The JGI Book Publishing Blog
Posted by Jerrold R. Jenkins on Jun 27 , 2013 - 10:00 am
Guest Blog by Peter Winick
I figured there are plenty of “experts” out there both online and off that will tell you everything you need to do to ensure that your book is a huge success, so I thought I would share with you the 5 things I’ve learned that will make sure your book is a failure.
This might be helpful because with all of the information readily available somehow the average business book still sells less than 2,000 units so something is clearly not working in the current marketplace.
1) Don’t define what success looks like.
Whether it’s hitting the best-seller list, getting exposure for yourself or your brand, engaging people that will follow you in the future, driving sales of a specific offering, don’t think of those things upfront—they are difficult decisions and it will all just “work itself out” once the book is released. You’ll know what success looks like when you get there.
2) Don’t ask for help from anyone.
Let’s face it—your friends and family are busy and your clients have full schedules so it doesn’t make much sense to bother anyone and ask them to help you get the word or message out. After all, most of us are too shy, it’s somewhat awkward, and if we can avoid asking for help we certainly should. Most books become incredibly successful by a combination of luck, fate and serendipity.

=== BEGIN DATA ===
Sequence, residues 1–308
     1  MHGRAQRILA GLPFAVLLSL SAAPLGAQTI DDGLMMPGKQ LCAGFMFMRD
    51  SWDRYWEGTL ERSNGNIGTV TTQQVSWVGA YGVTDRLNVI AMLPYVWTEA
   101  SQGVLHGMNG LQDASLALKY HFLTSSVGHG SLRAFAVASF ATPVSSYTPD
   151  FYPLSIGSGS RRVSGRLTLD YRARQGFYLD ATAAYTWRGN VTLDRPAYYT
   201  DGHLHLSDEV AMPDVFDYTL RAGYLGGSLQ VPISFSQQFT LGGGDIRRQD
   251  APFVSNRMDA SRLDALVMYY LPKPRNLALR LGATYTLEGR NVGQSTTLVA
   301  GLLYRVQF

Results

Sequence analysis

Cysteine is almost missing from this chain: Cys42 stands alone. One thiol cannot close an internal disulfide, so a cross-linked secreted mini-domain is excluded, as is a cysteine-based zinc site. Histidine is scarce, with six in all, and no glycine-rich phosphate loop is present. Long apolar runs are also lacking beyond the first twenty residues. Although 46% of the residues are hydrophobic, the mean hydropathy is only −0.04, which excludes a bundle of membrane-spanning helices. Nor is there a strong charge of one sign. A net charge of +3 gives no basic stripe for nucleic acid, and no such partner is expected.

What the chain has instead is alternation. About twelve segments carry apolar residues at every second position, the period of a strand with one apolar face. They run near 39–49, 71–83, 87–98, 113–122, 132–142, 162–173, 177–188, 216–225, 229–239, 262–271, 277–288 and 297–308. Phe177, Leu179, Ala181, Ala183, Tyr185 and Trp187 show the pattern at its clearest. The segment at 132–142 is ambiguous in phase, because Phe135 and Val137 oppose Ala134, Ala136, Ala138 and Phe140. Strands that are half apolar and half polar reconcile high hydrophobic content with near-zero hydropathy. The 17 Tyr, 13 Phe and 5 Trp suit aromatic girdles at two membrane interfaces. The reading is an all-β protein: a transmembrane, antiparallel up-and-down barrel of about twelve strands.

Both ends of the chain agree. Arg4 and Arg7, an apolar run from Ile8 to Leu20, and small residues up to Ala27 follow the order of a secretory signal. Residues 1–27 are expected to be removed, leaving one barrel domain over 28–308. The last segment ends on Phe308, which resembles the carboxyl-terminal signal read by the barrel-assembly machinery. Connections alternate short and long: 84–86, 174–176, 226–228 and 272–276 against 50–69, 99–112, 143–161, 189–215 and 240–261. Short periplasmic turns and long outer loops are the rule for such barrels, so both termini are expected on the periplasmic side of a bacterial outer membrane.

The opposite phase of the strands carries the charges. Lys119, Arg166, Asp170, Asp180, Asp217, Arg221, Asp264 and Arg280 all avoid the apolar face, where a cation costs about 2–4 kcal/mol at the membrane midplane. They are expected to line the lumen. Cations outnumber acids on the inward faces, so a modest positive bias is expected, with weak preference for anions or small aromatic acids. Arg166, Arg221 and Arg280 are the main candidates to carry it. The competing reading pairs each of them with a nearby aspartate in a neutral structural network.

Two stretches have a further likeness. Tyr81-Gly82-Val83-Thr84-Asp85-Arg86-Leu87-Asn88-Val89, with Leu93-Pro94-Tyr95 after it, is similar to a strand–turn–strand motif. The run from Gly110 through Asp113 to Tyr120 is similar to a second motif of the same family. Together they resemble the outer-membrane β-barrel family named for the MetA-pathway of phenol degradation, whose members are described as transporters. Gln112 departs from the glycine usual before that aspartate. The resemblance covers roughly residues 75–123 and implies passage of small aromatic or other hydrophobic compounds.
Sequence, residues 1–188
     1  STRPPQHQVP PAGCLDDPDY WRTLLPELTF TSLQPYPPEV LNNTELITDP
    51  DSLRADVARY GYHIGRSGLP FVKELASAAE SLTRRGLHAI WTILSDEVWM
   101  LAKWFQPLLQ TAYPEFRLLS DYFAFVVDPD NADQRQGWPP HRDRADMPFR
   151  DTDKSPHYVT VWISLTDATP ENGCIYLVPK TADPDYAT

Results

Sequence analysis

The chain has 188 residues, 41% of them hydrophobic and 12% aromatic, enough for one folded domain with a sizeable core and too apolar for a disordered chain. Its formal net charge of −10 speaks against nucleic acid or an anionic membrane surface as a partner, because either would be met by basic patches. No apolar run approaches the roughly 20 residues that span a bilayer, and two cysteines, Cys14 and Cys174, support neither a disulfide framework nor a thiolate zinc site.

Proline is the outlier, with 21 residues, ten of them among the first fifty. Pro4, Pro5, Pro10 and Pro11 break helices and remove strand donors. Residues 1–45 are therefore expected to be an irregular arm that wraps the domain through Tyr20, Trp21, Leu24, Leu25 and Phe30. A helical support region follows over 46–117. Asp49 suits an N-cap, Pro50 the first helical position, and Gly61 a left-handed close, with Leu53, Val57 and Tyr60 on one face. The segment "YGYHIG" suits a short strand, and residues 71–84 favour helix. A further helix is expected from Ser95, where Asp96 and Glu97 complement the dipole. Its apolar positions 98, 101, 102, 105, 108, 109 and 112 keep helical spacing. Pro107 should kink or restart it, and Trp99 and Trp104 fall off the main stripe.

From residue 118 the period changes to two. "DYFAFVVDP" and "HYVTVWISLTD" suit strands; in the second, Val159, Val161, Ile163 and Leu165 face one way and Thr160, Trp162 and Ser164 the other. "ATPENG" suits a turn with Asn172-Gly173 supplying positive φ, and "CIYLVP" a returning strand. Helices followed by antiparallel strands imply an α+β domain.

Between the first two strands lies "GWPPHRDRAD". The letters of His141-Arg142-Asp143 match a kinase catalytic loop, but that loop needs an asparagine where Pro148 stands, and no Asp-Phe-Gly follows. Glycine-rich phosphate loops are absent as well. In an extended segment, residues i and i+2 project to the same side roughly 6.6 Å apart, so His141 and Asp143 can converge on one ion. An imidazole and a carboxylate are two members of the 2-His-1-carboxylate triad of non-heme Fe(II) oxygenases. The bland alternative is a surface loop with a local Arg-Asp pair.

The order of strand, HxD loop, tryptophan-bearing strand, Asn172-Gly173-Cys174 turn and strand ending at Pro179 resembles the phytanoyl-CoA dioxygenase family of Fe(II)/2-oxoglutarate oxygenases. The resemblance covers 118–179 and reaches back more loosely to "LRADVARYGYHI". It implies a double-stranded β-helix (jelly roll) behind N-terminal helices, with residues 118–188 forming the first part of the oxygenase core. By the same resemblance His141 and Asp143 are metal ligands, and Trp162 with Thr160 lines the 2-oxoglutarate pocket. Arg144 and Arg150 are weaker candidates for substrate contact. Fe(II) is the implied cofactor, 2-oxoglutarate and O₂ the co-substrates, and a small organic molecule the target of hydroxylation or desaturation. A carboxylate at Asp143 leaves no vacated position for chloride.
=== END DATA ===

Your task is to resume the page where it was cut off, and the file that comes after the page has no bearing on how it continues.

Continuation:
3) Spend as much time as possible on the cover.
You can never have too many versions of the cover to pick from. 30? 40? I’d say at least 100. Ask everyone around you for months on end to give you their input (but don’t waste time asking an expert—your friends and colleagues certainly know best). It clearly makes perfect sense given that you’ve spent a year or more of your life writing the book…it’s all about the cover.
4) The publisher knows best.
Never argue with the publisher, after all, they publish hundreds of books a year and your book is obviously the one they care the most about. They know your content better than you and the 23 year old “Assistant to the Assistant of the Junior Director of Marketing” that they will assign to market your book clearly knows what she’s doing. She’s been there for almost three months and can follow their “marketing” template fairly well, plus she read a lot books in college. You’re in good hands.
5) The web and social media are a fad.
As an author you just need to know how to write a good book. The web, LinkedIn and Facebook, YouTube and Twitter are all for kids and they probably won’t be around that much longer. Book buyers obviously go to the book store to buy books, they aren’t wasting their time online so neither should you.
Visit Peter's website at http://thoughtleadershipleverage.com